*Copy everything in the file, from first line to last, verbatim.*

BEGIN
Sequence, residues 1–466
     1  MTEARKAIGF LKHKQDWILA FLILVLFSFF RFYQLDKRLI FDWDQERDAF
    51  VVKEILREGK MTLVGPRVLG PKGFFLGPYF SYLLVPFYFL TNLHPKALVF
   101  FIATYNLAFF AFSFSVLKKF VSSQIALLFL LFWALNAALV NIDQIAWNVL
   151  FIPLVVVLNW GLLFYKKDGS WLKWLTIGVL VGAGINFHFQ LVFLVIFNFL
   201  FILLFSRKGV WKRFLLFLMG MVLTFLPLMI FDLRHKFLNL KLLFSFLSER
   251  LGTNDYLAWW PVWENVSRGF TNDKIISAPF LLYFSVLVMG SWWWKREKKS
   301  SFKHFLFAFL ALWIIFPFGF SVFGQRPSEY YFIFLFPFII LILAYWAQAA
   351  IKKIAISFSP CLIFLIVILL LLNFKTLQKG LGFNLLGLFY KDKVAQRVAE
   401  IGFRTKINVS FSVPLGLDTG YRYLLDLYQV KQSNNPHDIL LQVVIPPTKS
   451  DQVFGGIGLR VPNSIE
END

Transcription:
Sequence, residues 1–466
     1  MTEARKAIGF LKHKQDWILA FLILVLFSFF RFYQLDKRLI FDWDQERDAF
    51  VVKEILREGK MTLVGPRVLG PKGFFLGPYF SYLLVPFYFL TNLHPKALVF
   101  FIATYNLAFF AFSFSVLKKF VSSQIALLFL LFWALNAALV NIDQIAWNVL
   151  FIPLVVVLNW GLLFYKKDGS WLKWLTIGVL VGAGINFHFQ LVFLVIFNFL
   201  FILLFSRKGV WKRFLLFLMG MVLTFLPLMI FDLRHKFLNL KLLFSFLSER
   251  LGTNDYLAWW PVWENVSRGF TNDKIISAPF LLYFSVLVMG SWWWKREKKS
   301  SFKHFLFAFL ALWIIFPFGF SVFGQRPSEY YFIFLFPFII LILAYWAQAA
   351  IKKIAISFSP CLIFLIVILL LLNFKTLQKG LGFNLLGLFY KDKVAQRVAE
   401  IGFRTKINVS FSVPLGLDTG YRYLLDLYQV KQSNNPHDIL LQVVIPPTKS
   451  DQVFGGIGLR VPNSIE